bash: /home/amnesia/myfile: No such file or directory
$ file /home/amnesia/myfile
ELF 64-bit LSB executable, x86-64, version 1 (SYSV), dynamically linked (uses shared lies), for GNU/Linux 2.6.9, not stripped
myfile exists, but running it gives the message “No such file or directory”. This happens in the following circumstance:
- The file depends on a loader — it's a dynamically linked executable, and these need a loader program to load the dynamically linked libraries. (The loader can also be the interpreter designated by a shebang line, but bash detects this case and gives a different error message.)
- The loader file is not present.
The message “No such file or directory” is really about the loader, but the shell doesn't know that the loader is involved, so it reports the name of the original file. I explain this in more detail in “No such file or directory” lies on Optware installed binaries.
Why can't you run this program? Because you don't have the dynamic loader for 64-bit executables.
$ uname -a
Linux amnesia 3.16-3-amd64 #1 SMP Debian 3.16.5-1 (2014-10-10) x86_64 GNU/Linux
$ file /bin/ls
/bin/ls: ELF 32-bit LSB executable, Intel 80386, version 1 (SYSV), dynamically linked (uses shared libs), for GNU/Linux 2.6.26, BuildID[sha1]=0xd3280633faaabf56a14a26693d2f810a32222e51, stripped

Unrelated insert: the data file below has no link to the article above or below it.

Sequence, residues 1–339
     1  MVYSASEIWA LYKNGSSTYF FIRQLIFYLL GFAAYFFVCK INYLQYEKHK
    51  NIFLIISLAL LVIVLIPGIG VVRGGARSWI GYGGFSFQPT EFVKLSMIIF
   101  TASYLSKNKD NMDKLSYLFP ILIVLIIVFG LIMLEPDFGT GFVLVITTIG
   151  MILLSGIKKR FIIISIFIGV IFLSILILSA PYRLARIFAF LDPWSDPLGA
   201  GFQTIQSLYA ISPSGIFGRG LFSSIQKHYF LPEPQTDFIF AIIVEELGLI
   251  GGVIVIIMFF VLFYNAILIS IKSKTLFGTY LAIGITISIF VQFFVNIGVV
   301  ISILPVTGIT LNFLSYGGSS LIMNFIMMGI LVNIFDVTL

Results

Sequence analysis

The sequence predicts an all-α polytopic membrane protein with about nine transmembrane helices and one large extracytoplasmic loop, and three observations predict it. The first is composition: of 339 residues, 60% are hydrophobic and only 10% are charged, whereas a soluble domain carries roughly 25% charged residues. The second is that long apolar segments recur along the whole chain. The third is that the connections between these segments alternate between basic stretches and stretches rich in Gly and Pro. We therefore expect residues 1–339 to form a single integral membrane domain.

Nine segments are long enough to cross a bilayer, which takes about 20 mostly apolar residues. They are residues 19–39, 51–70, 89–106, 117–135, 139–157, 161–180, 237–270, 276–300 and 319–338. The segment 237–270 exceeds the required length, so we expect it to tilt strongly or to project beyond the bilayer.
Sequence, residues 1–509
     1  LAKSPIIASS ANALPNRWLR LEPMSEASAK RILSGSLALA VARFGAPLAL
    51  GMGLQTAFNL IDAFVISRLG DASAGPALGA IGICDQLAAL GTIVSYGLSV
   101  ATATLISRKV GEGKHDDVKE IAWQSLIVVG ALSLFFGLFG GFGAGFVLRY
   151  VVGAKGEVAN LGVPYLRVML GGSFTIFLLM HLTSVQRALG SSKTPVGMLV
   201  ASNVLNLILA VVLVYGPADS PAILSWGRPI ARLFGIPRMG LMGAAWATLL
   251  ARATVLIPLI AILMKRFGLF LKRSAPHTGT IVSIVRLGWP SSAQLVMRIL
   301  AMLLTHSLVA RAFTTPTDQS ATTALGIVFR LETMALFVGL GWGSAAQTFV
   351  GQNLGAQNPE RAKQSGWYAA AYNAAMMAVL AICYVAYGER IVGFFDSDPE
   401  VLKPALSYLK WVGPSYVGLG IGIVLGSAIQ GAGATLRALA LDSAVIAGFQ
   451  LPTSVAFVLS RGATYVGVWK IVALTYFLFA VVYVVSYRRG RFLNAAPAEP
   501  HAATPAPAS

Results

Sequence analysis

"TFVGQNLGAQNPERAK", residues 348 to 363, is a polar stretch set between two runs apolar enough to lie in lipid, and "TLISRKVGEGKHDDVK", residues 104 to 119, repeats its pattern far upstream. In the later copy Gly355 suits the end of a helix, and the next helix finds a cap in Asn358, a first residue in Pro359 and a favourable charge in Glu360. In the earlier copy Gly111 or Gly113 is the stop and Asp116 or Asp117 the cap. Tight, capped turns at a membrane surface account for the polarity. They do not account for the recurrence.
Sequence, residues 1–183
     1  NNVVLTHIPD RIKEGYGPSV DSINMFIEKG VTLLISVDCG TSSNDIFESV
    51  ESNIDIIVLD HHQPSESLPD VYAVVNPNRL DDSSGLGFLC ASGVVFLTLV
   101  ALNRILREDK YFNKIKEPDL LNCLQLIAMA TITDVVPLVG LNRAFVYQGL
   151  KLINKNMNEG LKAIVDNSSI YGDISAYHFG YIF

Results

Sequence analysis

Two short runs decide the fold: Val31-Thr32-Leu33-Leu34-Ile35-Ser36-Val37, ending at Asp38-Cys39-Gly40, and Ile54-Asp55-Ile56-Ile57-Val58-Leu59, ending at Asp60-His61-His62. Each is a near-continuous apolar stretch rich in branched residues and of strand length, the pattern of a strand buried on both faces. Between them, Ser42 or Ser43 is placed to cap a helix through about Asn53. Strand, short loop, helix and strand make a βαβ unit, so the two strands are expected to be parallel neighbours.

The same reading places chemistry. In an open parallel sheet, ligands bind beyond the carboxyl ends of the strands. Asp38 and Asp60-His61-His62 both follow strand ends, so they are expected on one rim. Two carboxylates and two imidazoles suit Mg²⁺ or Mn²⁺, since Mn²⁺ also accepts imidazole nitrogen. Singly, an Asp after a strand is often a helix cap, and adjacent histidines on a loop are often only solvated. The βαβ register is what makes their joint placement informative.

Your system has a 64-bit kernel, but the rest of the system is 32-bit. Linux supports this configuration (a 64-bit kernel can run both 64-bit programs and 32-bit programs, but a 32-bit kernel can only run 32-bit programs). The kernel can load the program just fine; you would be able to run a statically-linked amd64 executable. However, you don't have the 64-bit loader (
/lib64/ld-linux-x86-64.so.2), nor presumably any 64-bit library. So you can't run dynamically-linked amd64 executables.
Why would you run a 64-bit kernel with a 32-bit userland?
- To use more than about 3GB of physical memory. (This isn't the only way — another possibility is to run a 32-bit kernel that supports PAE.)
- To be able to run 64-bit binaries, e.g. by booting on the live OS and then chrooting into an installed 64-bit system somewhere.
- To reduce maintenance effort for the distribution: provide a single kernel for recent hardware, and make it 64-bit.
- To run 64-bit virtual machines (some VM engines require a 64-bit kernel to run a 64-bit VM).
I don't think Tails provides a 64-bit system. You should get a 32-bit version of the executable. If you can't, use some other distribution (possibly in a virtual machine).